Andrew J. Hershey, Administrator

 

Charles A. Ritchie, Jr., Esquire

Feather and Feather, P.C.

22 West Main Street

Annville, PA 17003

ATTORNEY

 

ESTATE OF JOANNE S. HANSEN, late of North Cornwall Township, Lebanon County, Pennsylvania, deceased. Letters Testamentary have been granted to the undersigned Co-Executrixes.

 

Lori J. Grandi, Co-Executrix

 

Alisen M. Cronkrite, Co-Executrix

 

Reilly Wolfson Law Office

1601 Cornwall Road

Lebanon, PA 17042

 

ESTATE OF MERVIN M. WALMER, late of North Lebanon Township, Lebanon County, Pennsylvania, deceased. Letters Testamentary have been granted to the undersigned Executrix.

 

Diane L. Keefer, Executrix

 

Reilly Wolfson Law Office

1601 Cornwall Road

Lebanon, PA 17042

 

ESTATE OF CHARLES H. HEILMAN a/k/a CHARLES H. HEILMAN, SR., late of the City of Lebanon, Lebanon County, Pennsylvania, deceased. Letters Testamentary have been granted to the undersigned Co-Executrixes.

 

Cheryl L. Stewart, Co-Executrix

 

Gail L. Garrett, Co-Executrix

 

Reilly Wolfson Law Office

1601 Cornwall Road

Lebanon, PA 17042

 

THIRD PUBLICATION

 

ESTATE OF FRANKLIN ARTHUR WETZEL, JR., late of the City of Lebanon, Lebanon County, Pennsylvania, deceased. Letters of Administration have been granted to the undersigned Administrator.

 

Joshua A. Wetzel, Administrator

2064 Mile Hill Road

Sunbury, PA 17801

 

Joel M. Wiest, Esquire

Wiest, Wiest Benner & Rice, LLC

5 North Second Street

Sunbury, PA 17801

570-286-4022

 

ESTATE OF EVE MANBECK, late of Fredericksburg, Lebanon County, Pennsylvania, deceased. Letters Testamentary have been granted to the undersigned Executrix.

 

Alletta Schadler, Executrix

 

John M. Zimmerman, Esquire

Zimmerman Law Office

466 Jonestown Road

Jonestown, PA 17038

 

ESTATE OF CAROL E. WOLFE, late of Fredericksburg, Lebanon County, Pennsylvania, deceased. Letters Testamentary have been granted to the undersigned Executor.

 

Gary L. Wolfe, Executor

 

John M. Zimmerman, Esquire

Zimmerman Law Office

466 Jonestown Road

Jonestown, PA 17038

 

ESTATE OF HAROLD A. BENDER, late of the City of Lebanon, Lebanon County, Pennsylvania, deceased. Letters Testamentary have been granted to the undersigned Executor.

 

Kevin S. Bender, Executor

 

Reilly Wolfson Law Office

1601 Cornwall Road

Lebanon, PA 17042

 

ESTATE OF JOHN H. GIBSON, JR., late of Lebanon County, Pennsylvania, deceased July 21, 2021. Letters Testamentary have been granted to the undersigned Executor.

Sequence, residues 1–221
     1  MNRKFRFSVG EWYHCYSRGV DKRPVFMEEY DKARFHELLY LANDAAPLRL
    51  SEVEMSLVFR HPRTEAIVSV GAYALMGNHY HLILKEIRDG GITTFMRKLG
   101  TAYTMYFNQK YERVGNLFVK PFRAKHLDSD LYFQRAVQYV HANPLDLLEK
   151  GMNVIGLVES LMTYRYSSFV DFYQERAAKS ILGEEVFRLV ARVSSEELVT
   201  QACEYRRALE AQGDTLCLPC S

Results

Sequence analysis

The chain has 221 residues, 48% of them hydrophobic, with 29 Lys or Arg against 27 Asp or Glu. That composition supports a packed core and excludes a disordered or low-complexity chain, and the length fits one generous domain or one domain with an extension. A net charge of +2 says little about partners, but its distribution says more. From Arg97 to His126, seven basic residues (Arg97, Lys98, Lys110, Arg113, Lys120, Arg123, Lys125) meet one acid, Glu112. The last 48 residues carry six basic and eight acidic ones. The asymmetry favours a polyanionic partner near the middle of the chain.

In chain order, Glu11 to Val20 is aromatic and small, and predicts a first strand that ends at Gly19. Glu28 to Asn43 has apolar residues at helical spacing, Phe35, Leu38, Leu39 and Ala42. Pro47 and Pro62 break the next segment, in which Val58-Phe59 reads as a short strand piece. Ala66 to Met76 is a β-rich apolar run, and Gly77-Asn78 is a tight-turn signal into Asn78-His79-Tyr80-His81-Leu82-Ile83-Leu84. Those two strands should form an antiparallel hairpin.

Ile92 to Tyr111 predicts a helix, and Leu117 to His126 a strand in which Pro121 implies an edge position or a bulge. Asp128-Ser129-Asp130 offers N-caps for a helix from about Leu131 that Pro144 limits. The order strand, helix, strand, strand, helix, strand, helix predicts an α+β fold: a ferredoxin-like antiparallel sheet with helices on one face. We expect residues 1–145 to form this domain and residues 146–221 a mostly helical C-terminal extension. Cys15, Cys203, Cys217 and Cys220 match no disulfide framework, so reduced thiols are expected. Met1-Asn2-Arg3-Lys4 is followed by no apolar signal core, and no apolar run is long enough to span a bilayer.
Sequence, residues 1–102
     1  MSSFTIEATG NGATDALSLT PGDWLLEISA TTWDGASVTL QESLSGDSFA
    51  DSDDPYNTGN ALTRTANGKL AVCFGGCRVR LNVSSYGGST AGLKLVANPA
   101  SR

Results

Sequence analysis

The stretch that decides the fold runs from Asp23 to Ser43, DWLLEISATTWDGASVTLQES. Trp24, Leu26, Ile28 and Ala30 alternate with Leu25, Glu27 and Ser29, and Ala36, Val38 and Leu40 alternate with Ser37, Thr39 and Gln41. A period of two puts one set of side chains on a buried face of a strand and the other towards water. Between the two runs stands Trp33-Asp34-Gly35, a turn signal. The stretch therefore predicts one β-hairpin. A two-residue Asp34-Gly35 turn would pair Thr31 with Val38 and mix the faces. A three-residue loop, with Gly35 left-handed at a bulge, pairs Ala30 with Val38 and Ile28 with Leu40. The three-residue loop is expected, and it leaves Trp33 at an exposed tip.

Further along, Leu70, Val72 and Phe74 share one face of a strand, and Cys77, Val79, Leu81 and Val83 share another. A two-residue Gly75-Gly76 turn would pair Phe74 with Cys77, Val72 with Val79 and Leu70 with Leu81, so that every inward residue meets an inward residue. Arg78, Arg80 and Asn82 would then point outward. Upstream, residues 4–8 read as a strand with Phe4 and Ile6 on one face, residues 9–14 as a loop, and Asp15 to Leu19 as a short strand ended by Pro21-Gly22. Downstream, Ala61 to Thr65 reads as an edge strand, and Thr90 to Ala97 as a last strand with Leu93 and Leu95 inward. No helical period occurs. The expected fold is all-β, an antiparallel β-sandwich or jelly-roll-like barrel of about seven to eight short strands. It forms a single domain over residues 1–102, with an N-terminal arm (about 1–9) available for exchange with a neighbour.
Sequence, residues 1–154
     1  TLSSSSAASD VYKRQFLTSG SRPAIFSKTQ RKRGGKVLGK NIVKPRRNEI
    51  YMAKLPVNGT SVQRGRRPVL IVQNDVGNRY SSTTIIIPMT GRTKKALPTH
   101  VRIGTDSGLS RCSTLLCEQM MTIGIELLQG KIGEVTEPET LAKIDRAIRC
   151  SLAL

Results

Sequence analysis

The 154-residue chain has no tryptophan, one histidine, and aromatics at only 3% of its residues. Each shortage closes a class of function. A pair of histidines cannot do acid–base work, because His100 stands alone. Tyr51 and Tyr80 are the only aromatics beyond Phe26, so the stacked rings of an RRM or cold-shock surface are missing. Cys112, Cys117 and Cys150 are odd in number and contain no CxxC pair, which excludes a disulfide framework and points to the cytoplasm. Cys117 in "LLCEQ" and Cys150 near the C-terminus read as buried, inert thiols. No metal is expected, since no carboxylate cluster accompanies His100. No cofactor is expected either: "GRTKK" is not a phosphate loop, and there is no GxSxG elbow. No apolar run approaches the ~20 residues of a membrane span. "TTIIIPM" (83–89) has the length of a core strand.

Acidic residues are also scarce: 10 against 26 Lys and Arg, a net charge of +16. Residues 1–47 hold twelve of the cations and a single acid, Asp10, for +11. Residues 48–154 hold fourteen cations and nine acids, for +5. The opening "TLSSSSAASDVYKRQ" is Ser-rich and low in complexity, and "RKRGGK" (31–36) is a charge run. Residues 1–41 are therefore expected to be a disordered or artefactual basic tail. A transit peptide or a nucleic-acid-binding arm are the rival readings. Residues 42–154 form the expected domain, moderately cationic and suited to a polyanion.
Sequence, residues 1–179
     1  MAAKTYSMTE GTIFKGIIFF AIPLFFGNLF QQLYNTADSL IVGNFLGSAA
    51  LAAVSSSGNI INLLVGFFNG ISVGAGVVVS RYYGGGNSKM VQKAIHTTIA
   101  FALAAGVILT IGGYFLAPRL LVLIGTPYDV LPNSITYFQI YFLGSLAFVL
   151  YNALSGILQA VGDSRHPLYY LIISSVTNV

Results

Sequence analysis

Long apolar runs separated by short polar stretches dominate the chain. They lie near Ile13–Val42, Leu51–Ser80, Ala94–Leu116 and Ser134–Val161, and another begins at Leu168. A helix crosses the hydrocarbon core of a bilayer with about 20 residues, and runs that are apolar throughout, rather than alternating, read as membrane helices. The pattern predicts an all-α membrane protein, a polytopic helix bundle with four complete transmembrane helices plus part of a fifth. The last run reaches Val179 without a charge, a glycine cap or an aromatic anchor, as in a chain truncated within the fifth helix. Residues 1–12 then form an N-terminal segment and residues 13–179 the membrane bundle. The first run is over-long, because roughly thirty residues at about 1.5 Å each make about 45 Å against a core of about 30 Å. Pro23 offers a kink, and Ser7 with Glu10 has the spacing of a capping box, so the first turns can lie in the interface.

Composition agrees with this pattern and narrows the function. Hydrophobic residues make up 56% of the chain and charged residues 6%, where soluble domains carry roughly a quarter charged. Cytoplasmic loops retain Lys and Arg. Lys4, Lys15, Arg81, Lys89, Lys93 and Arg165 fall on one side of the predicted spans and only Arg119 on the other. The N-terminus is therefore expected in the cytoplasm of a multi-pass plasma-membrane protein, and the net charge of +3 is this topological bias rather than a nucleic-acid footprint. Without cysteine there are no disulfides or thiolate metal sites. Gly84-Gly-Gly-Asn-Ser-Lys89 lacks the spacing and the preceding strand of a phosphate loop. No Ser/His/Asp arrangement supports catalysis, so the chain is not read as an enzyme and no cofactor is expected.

Lisa E. Scurci, Executor

 

Morgan Cassel, Esquire

624 North Front Street

Wormleysburg, PA 17043

Attorney

 

ESTATE OF DONNA K. WOLFER, late of North Londonderry Township, Lebanon County, Pennsylvania, deceased. Letters of Administration have been granted to the undersigned Administratrix.

 

Ursula M. Wolfer, Administratrix

25 Limestone Lane

Palmyra, PA 17078

 

Joseph M. Farrell, Esquire

201/203 South Railroad Street

P.O. Box 113

Palmyra, PA 17078

 

ESTATE OF MARCELINE C. WARNER, late of Mill Creek Township, Lebanon County, Pennsylvania, deceased. Letters Testamentary have been granted to the undersigned Executor.

 

Robert J. Warner, Executor

 

Heidi B. Masano, Esquire

Masano ♦ Bradley

1100 Berkshire Boulevard, Suite 201

Wyomissing, PA 19610

 

ESTATE OF ELEANOR M. BAIR, late of Palmyra Borough, Lebanon County, Pennsylvania, deceased. Letters Testamentary have been granted to the undersigned Executor.

 

Curtis L. Martin, Executor

 

Gerald J. Brinser, Esquire

  1. O. Box 323

Palmyra, PA 17078

Attorney

 

FICTITIOUS NAMES

 

NOTICE IS HEREBY GIVEN that an Application for Registration of Fictitious Name was filed with the Department of State of the Commonwealth of Pennsylvania, at Harrisburg, Pennsylvania on August 24, 2021, pursuant to the provisions of the Business Corporation Law of the Commonwealth of

Pennsylvania, Act of December 21, 1988.

 

Legion 9 Brands, LLC., will be trading as/doing business as:

SuperHYPE Co.

 

Anthony Scicchitano, VP & General Counsel

DAS Companies, Inc.

724 Lawn Road, Palmyra PA 17078

 

 

 

 

NOTICE IS HEREBY GIVEN that an Application for Registration of Fictitious Name was filed with the Department of State of the Commonwealth of Pennsylvania, at Harrisburg, Pennsylvania on August 24, 2021, pursuant to the provisions of the Business Corporation Law of the Commonwealth of

Pennsylvania, Act of December 21, 1988.

 

Legion 9 Brands, LLC., will be trading as/doing business as:

Easter Island Mercantile

 

Anthony Scicchitano, VP & General Counsel

DAS Companies, Inc.

724 Lawn Road, Palmyra PA 17078

 

 

 

 

NOTICE IS HEREBY GIVEN that an Application for Registration of Fictitious Name was filed with the Department of State of the Commonwealth of Pennsylvania, at Harrisburg, Pennsylvania on August 30, 2021, pursuant to the provisions of the Business Corporation Law of the Commonwealth of

Pennsylvania, Act of December 21, 1988.

 

DAS Companies, Inc., will be trading as/doing business as:

12 Volt Solutions & Distribution Co.

 

Anthony Scicchitano, VP & General Counsel

DAS Companies, Inc.

724 Lawn Road, Palmyra PA 17078

 

 

 

 

ARTICLES OF INCORPORATION